Big Lake High School students learn there is no one path to success

Big Lake Schools 3rd Annual Youth Apprenticeship and Career Fair exposed over 1,400 students in grades 5, 8 and 9-12 to career possibilities that do not require the traditional four-year degree. Held on September 20, the event hosted 38 partners ranging from local manufacturing businesses to health care companies to branches of the U.S. Military.

“There is no one path to success,” Big Lake High School Principal Bob Dockendorf said. “Students deserve to know about the opportunities available to them and how to access those opportunities.”

Around 930 high school students, 240 8th grade students, and 250 5th grade students filtered through the high school’s gymnasium to talk to career experts and learn about available programs and apprenticeships to help them take the next step toward a future career. Students could also interact with tools and parts—from the concept stages to production prototypes.

New this year were outside hands-on activities that let students explore transportation careers in an education trailer, walk around an air ambulance helicopter to learn more about the latest in aviation and clinical advancements, and sit in a Veit excavator.

Minnesota State’s education trailer used truck and flight simulators to show students the high tech side of transportation careers in Automotive Service, Auto Body & Collision, Heavy Equipment, Heavy Truck and Diesel, Marine & Powersports, Professional Truck Driver, Aviation, UAV (drone), and Automotive Engineering, to name a few. Two EMTs (Emergency Medical Technicians) showed students the state-of-the-art mobile medical equipment inside a Life Link III air medical helicopter.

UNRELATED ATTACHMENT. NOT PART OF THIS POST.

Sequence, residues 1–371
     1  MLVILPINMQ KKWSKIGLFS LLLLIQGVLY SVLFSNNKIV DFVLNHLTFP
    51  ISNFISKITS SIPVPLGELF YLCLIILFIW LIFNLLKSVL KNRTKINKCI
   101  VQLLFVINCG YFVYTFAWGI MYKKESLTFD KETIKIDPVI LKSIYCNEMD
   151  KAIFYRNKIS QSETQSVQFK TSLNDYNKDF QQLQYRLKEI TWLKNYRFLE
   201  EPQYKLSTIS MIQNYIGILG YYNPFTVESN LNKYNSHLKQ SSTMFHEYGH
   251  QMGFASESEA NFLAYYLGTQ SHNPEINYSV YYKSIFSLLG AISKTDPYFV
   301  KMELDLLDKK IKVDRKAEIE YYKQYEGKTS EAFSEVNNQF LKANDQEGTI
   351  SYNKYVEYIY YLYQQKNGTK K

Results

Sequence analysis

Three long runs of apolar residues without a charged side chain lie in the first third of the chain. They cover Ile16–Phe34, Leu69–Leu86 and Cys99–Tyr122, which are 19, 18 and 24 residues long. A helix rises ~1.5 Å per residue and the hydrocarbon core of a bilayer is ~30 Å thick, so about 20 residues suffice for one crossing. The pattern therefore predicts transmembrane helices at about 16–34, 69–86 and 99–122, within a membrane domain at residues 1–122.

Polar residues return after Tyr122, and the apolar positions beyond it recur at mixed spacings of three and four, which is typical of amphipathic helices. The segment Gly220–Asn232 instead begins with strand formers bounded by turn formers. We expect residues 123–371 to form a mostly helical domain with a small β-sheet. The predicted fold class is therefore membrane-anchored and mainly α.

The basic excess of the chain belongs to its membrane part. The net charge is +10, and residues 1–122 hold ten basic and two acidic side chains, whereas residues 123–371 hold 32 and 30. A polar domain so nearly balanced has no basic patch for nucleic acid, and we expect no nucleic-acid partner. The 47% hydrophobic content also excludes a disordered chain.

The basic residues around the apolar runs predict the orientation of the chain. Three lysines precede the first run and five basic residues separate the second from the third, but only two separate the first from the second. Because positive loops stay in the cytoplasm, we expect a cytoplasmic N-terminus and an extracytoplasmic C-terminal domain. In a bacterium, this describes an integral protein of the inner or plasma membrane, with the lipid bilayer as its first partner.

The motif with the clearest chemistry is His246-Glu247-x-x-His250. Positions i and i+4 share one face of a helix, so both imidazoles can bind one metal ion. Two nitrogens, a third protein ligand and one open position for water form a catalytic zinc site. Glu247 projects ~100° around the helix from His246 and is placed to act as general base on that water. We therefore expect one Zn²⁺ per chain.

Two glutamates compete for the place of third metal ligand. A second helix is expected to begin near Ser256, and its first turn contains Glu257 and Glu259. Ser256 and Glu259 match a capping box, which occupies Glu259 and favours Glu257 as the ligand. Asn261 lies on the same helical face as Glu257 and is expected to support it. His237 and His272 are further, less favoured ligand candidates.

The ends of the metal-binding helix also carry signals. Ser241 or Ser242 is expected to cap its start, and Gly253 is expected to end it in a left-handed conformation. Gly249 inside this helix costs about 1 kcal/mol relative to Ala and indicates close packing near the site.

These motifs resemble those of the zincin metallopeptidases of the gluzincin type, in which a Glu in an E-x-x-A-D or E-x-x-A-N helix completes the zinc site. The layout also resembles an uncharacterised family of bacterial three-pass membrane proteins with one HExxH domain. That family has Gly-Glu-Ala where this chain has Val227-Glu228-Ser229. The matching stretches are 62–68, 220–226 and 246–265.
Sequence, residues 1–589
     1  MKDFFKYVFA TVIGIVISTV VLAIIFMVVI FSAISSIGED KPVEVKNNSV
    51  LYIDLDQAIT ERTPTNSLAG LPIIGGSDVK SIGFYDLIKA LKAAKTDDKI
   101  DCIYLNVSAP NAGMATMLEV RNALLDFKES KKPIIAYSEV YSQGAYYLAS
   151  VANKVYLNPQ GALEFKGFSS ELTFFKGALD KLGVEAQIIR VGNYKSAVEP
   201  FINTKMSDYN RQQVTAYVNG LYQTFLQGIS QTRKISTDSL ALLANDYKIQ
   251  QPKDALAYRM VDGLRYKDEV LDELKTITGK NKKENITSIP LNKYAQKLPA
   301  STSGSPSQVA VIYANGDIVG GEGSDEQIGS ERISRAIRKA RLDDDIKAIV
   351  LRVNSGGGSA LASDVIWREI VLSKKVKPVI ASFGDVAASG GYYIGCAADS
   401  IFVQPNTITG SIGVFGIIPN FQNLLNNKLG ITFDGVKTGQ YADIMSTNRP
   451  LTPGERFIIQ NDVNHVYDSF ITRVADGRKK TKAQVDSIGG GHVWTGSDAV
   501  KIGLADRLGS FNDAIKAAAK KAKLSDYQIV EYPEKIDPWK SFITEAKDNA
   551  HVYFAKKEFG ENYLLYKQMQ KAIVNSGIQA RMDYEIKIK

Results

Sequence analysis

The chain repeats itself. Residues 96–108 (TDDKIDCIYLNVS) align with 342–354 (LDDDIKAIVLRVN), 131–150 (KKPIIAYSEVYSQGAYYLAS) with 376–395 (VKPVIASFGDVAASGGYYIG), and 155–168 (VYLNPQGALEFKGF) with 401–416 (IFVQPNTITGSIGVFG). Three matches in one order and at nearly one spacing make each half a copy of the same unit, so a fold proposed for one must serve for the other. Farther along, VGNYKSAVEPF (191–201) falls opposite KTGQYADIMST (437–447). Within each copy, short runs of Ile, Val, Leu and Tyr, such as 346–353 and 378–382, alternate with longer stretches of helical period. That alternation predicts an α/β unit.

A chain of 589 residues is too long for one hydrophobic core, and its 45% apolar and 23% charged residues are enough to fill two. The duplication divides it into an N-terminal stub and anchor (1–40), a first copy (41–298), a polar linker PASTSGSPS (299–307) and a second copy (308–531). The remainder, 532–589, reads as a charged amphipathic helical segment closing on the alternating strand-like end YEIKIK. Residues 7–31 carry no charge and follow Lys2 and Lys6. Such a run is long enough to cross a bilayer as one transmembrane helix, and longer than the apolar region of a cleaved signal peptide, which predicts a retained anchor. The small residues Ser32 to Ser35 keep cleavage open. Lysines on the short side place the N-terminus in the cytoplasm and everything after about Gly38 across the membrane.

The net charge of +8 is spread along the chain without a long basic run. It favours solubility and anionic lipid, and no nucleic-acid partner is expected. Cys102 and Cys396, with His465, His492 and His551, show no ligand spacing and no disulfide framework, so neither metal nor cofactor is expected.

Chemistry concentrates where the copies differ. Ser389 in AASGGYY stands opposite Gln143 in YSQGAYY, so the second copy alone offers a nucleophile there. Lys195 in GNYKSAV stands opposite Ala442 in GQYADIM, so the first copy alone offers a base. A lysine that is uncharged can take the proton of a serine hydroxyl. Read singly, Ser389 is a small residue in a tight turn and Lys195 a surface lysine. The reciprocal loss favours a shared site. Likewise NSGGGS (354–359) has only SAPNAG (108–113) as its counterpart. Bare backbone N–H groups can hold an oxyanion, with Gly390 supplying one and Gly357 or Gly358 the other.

After the annual event, Big Lake High School’s Work-Based Learning Coordinator Wade Olson follows up with students in their junior year to track interest in any apprenticeship they learned about. As juniors and seniors, students can participate in the high school’s Youth Apprenticeship program that takes career exploration to the next level. Participants receive classroom instruction concurrent with work-based learning to get exposed to a wide variety of workplace departments.

The long-term goal of Big Lake Schools’ career fair and youth apprenticeship program is to help young people discover what they are passionate about and learn how to pursue it, according to Principal Dockendorf. As Minnesota maneuvers its way through a worker shortage, there is an urgency to satisfy workforce needs by attracting young talent into technical fields and helping them become highly skilled in their profession of interest.

Youth Apprenticeship & Career Fair exhibitors included: